Big Earth, One Issue

12885702_10153326134170974_8055595850210932866_o.jpgAfter our weekend in western Massachusetts with the resisters to the Kinder Morgan pipeline, we feel that the our “issue” fighting Monsanto and honeybee-killing Bayer and the “issue” of the spreading natural gas infrastructure – are not separate. One issue is called “food” and the other “energy”. But how the two overlap is more important for our politics. 

Both industries feature toxic corporations that morph and market, evade regulation and constantly sue. Their tactics are the same with the press and the police. Neo-nicotinoids and glyphosates, Agent Orange and PCB’s and bovine growth hormones leave Big Chem with a trail of evil labels. The fracking tradition is newer and the cocktails of hundreds of toxins they pump into the water table - are still unknown. They even cover up their earthquakes. But at the end of the day both are at war with the natural world in remarkably similar ways.

And by fighting them as separate issues, on two fronts, with two groups of activists - we automatically place ourselves in the defensive posture of demanding the old solution of more big government. Big government instead of big god. But this is the weakest position politically. Bernie Sanders and Elizabeth Warren shouldn’t always end up there. Big government hasn’t been a good sell since the New Deal.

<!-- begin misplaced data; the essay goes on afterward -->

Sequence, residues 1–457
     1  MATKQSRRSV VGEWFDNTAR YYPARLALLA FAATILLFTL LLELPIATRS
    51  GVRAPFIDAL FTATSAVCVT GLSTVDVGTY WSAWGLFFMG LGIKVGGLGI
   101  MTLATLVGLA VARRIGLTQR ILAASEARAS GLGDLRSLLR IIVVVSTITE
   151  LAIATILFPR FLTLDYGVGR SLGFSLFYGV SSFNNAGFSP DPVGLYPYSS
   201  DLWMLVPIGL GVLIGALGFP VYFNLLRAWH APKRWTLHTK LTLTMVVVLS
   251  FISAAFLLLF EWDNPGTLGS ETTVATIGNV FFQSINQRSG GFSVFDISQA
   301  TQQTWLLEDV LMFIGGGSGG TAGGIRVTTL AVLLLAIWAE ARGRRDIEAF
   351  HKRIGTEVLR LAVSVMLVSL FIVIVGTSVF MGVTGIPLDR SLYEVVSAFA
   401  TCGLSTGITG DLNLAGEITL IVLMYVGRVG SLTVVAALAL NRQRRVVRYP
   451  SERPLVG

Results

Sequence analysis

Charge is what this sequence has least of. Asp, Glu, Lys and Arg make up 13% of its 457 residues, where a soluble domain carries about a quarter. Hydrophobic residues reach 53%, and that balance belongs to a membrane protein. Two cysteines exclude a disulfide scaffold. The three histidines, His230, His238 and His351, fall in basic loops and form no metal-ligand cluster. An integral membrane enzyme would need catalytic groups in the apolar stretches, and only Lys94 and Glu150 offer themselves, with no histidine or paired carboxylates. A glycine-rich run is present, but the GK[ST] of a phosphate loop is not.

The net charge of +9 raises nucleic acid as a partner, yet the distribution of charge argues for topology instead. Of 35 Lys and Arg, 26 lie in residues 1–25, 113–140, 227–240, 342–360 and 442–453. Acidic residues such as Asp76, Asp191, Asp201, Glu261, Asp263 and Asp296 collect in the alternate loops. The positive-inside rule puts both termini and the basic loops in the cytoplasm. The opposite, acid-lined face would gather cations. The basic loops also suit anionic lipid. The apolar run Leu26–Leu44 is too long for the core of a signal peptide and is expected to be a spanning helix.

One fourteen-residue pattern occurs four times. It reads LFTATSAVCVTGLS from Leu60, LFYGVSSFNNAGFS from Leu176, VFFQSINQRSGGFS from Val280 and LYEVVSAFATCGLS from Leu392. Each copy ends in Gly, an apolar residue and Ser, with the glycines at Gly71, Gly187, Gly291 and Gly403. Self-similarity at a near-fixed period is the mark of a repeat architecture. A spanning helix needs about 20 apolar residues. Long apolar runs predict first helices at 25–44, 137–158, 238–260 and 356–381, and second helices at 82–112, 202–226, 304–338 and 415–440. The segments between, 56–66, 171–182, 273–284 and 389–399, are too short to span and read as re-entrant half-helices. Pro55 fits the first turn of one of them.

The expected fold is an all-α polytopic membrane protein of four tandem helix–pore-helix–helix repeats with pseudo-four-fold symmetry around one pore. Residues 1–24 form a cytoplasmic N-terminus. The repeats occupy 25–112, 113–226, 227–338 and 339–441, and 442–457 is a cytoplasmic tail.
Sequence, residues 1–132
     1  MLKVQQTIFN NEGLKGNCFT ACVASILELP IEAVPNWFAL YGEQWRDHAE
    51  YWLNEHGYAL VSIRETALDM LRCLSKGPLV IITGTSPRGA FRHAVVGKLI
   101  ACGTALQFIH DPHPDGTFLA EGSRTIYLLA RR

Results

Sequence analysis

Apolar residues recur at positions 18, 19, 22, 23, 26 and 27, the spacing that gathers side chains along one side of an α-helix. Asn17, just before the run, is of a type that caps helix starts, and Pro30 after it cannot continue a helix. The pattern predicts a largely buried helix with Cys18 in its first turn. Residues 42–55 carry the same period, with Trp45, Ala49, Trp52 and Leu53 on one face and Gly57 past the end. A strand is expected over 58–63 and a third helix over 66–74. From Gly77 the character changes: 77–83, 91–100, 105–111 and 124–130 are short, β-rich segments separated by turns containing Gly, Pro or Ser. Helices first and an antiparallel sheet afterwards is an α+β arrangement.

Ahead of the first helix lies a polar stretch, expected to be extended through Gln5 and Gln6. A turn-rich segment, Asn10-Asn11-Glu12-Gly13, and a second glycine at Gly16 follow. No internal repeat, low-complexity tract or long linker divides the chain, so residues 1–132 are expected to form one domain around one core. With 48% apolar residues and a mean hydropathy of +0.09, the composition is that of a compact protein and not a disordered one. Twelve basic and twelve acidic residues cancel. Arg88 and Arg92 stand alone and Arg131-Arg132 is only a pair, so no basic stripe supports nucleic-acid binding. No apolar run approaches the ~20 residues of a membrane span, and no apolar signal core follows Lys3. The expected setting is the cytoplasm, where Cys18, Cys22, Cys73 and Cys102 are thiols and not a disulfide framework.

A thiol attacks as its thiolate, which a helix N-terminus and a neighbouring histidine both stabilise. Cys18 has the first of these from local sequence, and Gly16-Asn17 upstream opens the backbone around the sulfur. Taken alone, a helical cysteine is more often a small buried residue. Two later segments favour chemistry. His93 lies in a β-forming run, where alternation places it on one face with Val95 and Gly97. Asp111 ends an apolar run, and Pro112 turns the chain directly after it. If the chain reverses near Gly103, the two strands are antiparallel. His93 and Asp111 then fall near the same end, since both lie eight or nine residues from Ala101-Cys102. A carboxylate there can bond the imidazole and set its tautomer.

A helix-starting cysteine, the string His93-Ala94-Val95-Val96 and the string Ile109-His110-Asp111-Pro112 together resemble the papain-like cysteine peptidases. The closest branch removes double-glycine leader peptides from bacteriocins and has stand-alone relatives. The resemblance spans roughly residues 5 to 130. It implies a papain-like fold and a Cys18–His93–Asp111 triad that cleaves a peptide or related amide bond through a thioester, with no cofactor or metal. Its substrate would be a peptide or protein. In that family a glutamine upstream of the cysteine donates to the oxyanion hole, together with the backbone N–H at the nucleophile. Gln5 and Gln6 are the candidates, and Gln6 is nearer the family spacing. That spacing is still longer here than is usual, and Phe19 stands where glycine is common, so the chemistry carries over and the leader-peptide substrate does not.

The Right always proceeds from one point, the belief in a single God and His morals of purity and decency, anger and war. They don't really have have a single unifying issue hey but they act like they do because they have that militaristic god figure. Their right and wrong is so violent.

Now what is happening? We are discovering a more powerful supreme being. In our godless “Church of Stop Shopping” we’ve been teaching over-cultured agnostics to do this for years. It might hurt for a minute, but hold hands and take the leap. We pray to life. We pray to life on Earth. We talk directly at the condition of living as if it's listening to us and conversing with us. 

No matter what we say, the conversation ends up asking for the same blessing, which is the continuation of that life, our own survival. And that is a unifying politics.

Demanding that life flourish does the trick – it combines the defense of humanity with the defense of nature. This kind of freedom – to live – includes and creates justice. The combining of all issues this way is a spiritual practice with no-god-please-thankyou. We are admitting that something mysterious binds all life together. 

Then something else happens: Our activism becomes much fiercer. We aren’t split into scores of issues anymore. We aren’t in competing campaigns. It isn’t theoretical anymore. Right-thinking isn’t its only basis. Courage isn’t even the issue anymore. Fighting for life is a form of breathing, dreaming, and loving.